The “Wall of Death” motor-cycle stunt show is currently drawing audiences at the St Helier People’s Park as part of the
Jersey motoring festival of speed.
The cars and bikes are giving us another chance to confront death at the sprint and hill climb events. Death is everywhere – in the news, at the cinema, in literature and even our popular songs. We cannot get enough of it. Murder, war, the wild-west or history – we just cannot see too much of tragic death.
Yet I “reluctantly” attended Chris Larner’s one man show “An Instinct for Kindness” at the Arts Centre yesterday evening and was enthralled and impaled.
Tragedy, pathos and humour – the three musketeers of theatre – were here all right but I was confronted by a reality that we should all experience. It is something that “society” as a whole needs to address and discuss.
This is not a review of Chris Larner’s extraordinary play. I don’t understand theatre enough to attempt that but I am amazed that one person can fill a stage with characters and images with no other prop than a chair.
But even the chair acted its legs off. As a wheelchair, hospital bed, airline seat it was presumably predictable enough but this was also an empty chair dammit! Somebody was of course ultimately missing…
And the lighting was perfect and poignant. Don’t ask me how or why, it just was.
If you have already looked at the video interview with Chris Larner here you will know what this is all about.
It is a very personal and painful experience that Chris has “acted out” seventy times all around
. He must ride the “Wall of Death” at every performance and I have no idea how he does it. Britain
In every audience there will be many people who have knowledge and or experience of the subject matter. Some might even be considering the one way trip to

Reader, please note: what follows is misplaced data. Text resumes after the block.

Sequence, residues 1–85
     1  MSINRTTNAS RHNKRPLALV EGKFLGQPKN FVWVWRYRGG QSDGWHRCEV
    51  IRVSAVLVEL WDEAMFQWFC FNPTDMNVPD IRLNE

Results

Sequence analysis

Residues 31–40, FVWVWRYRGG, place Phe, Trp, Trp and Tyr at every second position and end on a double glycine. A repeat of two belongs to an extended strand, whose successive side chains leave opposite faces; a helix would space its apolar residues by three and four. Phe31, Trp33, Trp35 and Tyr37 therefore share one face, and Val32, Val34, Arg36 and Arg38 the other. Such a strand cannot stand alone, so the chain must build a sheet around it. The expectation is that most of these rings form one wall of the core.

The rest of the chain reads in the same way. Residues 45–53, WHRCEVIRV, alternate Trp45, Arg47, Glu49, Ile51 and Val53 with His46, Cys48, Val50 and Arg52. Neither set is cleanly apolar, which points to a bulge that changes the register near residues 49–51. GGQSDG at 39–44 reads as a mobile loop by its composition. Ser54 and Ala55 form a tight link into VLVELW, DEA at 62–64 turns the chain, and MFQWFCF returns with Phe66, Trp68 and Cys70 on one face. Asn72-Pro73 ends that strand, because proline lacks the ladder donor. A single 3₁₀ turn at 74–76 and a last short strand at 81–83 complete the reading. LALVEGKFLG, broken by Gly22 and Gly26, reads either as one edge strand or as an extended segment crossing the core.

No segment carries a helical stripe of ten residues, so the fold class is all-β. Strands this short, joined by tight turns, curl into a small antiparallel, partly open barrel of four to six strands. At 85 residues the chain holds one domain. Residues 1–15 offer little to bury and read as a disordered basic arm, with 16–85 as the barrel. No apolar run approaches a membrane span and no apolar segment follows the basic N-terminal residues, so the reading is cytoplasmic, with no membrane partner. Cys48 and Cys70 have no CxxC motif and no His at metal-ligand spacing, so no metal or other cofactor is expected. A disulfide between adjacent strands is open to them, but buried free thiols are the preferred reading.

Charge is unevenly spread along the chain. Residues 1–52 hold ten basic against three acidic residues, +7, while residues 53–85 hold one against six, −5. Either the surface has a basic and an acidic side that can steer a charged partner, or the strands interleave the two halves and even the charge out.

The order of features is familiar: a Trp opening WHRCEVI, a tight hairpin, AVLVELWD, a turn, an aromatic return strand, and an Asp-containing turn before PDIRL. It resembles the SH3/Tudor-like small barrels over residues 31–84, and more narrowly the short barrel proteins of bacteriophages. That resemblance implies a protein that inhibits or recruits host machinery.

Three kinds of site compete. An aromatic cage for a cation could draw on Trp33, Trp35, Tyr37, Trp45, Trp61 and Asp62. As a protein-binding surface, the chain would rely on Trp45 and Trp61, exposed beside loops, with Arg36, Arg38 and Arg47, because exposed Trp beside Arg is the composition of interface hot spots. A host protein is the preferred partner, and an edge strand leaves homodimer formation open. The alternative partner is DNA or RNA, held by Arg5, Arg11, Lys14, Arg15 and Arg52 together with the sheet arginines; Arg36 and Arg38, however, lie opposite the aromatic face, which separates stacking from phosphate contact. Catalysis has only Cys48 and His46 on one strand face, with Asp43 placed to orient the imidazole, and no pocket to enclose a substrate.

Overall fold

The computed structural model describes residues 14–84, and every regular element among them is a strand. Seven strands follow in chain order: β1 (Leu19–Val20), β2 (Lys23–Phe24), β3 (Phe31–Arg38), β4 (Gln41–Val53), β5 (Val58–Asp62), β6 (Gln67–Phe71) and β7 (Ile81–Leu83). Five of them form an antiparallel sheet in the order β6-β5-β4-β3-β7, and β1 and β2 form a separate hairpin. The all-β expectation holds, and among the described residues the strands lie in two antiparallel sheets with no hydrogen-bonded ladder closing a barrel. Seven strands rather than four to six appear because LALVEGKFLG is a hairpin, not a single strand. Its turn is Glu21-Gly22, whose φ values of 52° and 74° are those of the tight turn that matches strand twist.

that ends in “assisted suicide.” Switzerland
Jersey performance there were people discussing their own experiences among themselves and it was simply surprising to hear the similar concerns being spoken.
In other places, performances have been followed by an organised discussion so that audiences can participate to some purpose. This did not happen in
Jersey but there surely must be a much wider discussion here soon of the issues raised by Chris.
So far we have only had the Jersey Minister of Health’s recent personal declaration that she will not contemplate any change in
Jersey law or practice. This was in response to a UK Report that urged a review of current practices in the and of course, she is a nurse who cared for her own terminally ill late husband. UK
It is especially relevant that this current posting follows on from that on “Changing Places” and the provision of the £88,000 public toilet in St Helier for the use of severely disabled persons in
Jersey. There are so many questions and there is not a Chris to speak every disabled person’s thoughts or defend their rights - but at what cost should we try to prolong or support life?
Of course that name “Changing Places” is very deliberately chosen because it invites us all to put ourselves in the empty chair.
What would WE want if our unlucky number comes up or we have to manage the painful death of a most beloved companion?
Chris has become involved in the
campaign “Dignity in dying” and this can be contacted via Google or firstname.lastname@example.org UK
My own agenda seeks a discussion of the wider issue of suicide in
Jersey because this is at a very high level within this little community.
My previous posting on the death of Ronnie Allan addresses many related matters but so far, seems to have provoked little response.